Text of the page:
Many vehicles using timing belts to keep the valves and crankshaft aligned. This alignment allows the engine to make the most of each combustion event.
If you have experience wrenching in the garage, a timing belt replacement can be a great next step to advance your home mechanic skills.
If you are new to engine maintenance, there are some things you will want to keep in mind to make sure the work goes smoothly, and you only have to do it once.
Tips for Replacing a Timing Belt
1) Do Your Research
Before you dive into any major repair work, it’s a great idea to do as much research as you can. What common pitfalls have other owners experienced? What parts will you need? Have any owners discovered tricks to make the job significantly easier?
Do you have an interference or non-interference engine? The stakes are lower on a non-interference engine, because it is impossible to experience valve-to-valve or piston-to-valve contact, even if the engine timing is way off.
Make sure the parts you buy are the correct part numbers for your specific VIN. Many models come with several different engine options. The parts can look very similar and are not always compatible between trim options.
Some engines require cylinder 1 to be at top dead center (TDC). Others require the pistons to be at their midpoint of travel (many Subaru engines work this way). Many engines don’t even have timing belts anymore.
Make sure you research the correct configuration for your specific timing belt replacement. You’ll also need to know the correct order of operations for installing the belt, taking up slack, and applying the timing belt tensioner.
Every engine manufacturer uses a slightly different implementation for these things, so it’s good to know the nuances of your specific engine before diving into the job for the first time.
2) Buy a Factory Service Manual
A factory service manual (FSM) is a book full of every system and specification in a given year, make, and model of vehicle. The target audience is primarily service technicians and general mechanics.
Factory service manuals contain everything from wiring diagrams to troubleshooting steps for common issues. They also contain torque specs for every fastener on the vehicle.
Haynes and Chilton repair manuals are fantastic to have on hand, as they are both inexpensive and easy to read. However, nothing quite beats the OEM manual for level of detail about how different systems interact.
Factory service manuals also tend to have the best exploded-view diagrams of different systems (also called blow out diagrams).
3) Grab a Torque Wrench
Torque wrenches allow you to measure the tightening force you apply to a fastener. When working on engines, it’s critical to reference the manufacturer’s torque specifications for each fastener. Most modern engines are built out of aluminum. It is much easier to strip the threads on aluminum components than iron or steel.
Make sure you reference the factory service manual to get all of your torque specs as you put the engine back together. If a bolt is not tight enough, it could back out over the course of thousands of miles due to engine vibrations.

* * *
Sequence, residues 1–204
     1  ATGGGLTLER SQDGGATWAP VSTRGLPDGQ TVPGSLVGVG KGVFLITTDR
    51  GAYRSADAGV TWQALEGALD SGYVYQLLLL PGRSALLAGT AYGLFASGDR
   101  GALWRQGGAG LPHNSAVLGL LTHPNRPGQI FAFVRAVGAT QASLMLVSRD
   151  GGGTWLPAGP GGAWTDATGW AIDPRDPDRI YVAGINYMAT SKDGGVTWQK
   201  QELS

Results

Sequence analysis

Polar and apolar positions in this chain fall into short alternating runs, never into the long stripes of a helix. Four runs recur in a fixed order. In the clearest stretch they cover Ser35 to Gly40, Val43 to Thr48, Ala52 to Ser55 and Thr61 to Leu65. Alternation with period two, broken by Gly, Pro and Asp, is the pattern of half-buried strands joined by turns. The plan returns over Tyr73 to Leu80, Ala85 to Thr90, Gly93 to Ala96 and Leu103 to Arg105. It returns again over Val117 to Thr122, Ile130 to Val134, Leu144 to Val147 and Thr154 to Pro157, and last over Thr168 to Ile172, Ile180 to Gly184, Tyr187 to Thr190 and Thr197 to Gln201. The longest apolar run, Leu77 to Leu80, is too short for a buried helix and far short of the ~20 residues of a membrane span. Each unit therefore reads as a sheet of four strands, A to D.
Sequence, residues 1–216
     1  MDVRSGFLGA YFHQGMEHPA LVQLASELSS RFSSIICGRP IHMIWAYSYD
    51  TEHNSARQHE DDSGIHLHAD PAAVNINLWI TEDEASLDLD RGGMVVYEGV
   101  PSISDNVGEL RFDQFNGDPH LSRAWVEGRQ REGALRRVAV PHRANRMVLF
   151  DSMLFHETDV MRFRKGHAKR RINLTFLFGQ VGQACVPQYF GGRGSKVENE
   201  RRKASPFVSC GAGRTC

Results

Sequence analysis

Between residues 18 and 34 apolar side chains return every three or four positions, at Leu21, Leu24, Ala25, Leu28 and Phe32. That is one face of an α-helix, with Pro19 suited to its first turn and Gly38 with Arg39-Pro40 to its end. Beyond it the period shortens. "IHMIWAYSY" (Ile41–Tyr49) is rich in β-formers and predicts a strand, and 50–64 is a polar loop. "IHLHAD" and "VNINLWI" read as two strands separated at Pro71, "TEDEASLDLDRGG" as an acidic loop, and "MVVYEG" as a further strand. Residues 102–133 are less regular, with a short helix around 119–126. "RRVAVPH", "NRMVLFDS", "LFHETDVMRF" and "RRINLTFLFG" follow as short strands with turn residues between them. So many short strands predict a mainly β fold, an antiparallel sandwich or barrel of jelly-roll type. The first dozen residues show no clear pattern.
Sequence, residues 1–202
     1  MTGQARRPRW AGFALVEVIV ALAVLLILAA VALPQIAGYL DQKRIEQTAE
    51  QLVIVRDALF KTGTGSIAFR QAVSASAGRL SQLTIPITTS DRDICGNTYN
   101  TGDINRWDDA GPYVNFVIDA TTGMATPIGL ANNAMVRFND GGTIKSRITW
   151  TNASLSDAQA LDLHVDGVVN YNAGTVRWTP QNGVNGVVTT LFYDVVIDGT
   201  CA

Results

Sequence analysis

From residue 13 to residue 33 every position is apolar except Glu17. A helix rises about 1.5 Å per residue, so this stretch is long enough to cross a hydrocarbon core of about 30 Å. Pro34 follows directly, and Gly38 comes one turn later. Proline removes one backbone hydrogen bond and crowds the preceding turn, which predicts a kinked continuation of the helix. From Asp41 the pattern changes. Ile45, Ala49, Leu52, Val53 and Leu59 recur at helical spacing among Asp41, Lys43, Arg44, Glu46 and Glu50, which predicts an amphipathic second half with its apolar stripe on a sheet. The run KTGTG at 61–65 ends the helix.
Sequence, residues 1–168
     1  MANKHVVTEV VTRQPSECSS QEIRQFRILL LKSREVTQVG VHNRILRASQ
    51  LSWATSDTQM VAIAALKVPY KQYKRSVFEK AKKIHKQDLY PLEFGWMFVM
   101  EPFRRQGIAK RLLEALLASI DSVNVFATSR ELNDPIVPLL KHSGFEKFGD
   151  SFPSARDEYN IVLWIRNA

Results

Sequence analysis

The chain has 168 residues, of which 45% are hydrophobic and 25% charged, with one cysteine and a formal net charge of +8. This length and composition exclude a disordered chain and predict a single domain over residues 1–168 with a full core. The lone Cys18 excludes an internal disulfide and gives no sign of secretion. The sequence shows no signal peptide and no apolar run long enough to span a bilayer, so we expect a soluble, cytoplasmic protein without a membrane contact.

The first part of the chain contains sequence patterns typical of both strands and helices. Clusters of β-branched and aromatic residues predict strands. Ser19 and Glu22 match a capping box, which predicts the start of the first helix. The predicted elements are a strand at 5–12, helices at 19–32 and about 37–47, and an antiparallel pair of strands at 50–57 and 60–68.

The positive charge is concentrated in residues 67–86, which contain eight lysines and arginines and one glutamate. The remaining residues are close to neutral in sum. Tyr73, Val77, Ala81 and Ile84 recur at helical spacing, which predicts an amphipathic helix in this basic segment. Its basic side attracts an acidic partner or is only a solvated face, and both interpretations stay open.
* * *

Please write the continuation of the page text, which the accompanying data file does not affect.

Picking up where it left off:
If a bolt is too tight, it could stretch (also called “yield”), warp the components it holds together, or strip threads. While most stripped threads are repairable, this will add significant time to the job. Stripped threads are commonly repaired using a Heli-Coil or Time-Sert kit.
4) Turn the Engine By Hand
After you’ve installed your new timing belt, turn the engine over by hand a few times. Make sure the engine turns over easily. If the engine binds or becomes really difficult to move, check your work.
When you turn your engine, make sure you’re turning it in the direction the crankshaft is meant to rotate. This is typically clockwise, but check the factory service manual to know for sure.
Spinning the engine backwards isn’t good for it, and could potentially mess up your timing if you haven’t installed the timing belt tensioner yet.
See Also: Timing Belt vs Serpentine Belt
5) Double Check Your Timing
It’s not fun to throw an engine back together only to have it idle poorly because the timing is off. After you’ve turned the engine over by hand a few times, recheck your timing marks. The marks should be in the exact same location when you return to your original alignment configuration.
6) “While I’m In There” Maintenance
Most timing belts require a decent amount of engine teardown. After going through all that effort, there may be several other components that can be very easily replaced if they are starting to age.
Some common examples of components you might want to replace while you’re in there are the front main seal, camshaft seals, valve cover gasket, idler pulleys, timing belt tensioner, thermostat, miscellaneous cooling hoses, and the water pump.
7) Have a Backup Vehicle
In case something goes sideways, it’s always good to arrange backup transportation while your vehicle is in the garage. A timing belt job can take as little as an hour for an experienced mechanic.
Chances are good that this job will take you at least the weekend if it’s your first time. Sometimes you have to order additional parts which can set back your timeline as well.
If you can change your brakes, you can probably change your own timing belt. This is a great way to learn more about your engine and how to work on cars in general.
If in doubt, search for information on YouTube or forums for your specific vehicle. Other vehicle owners who have done the job are likely to have great tips to help get you started.
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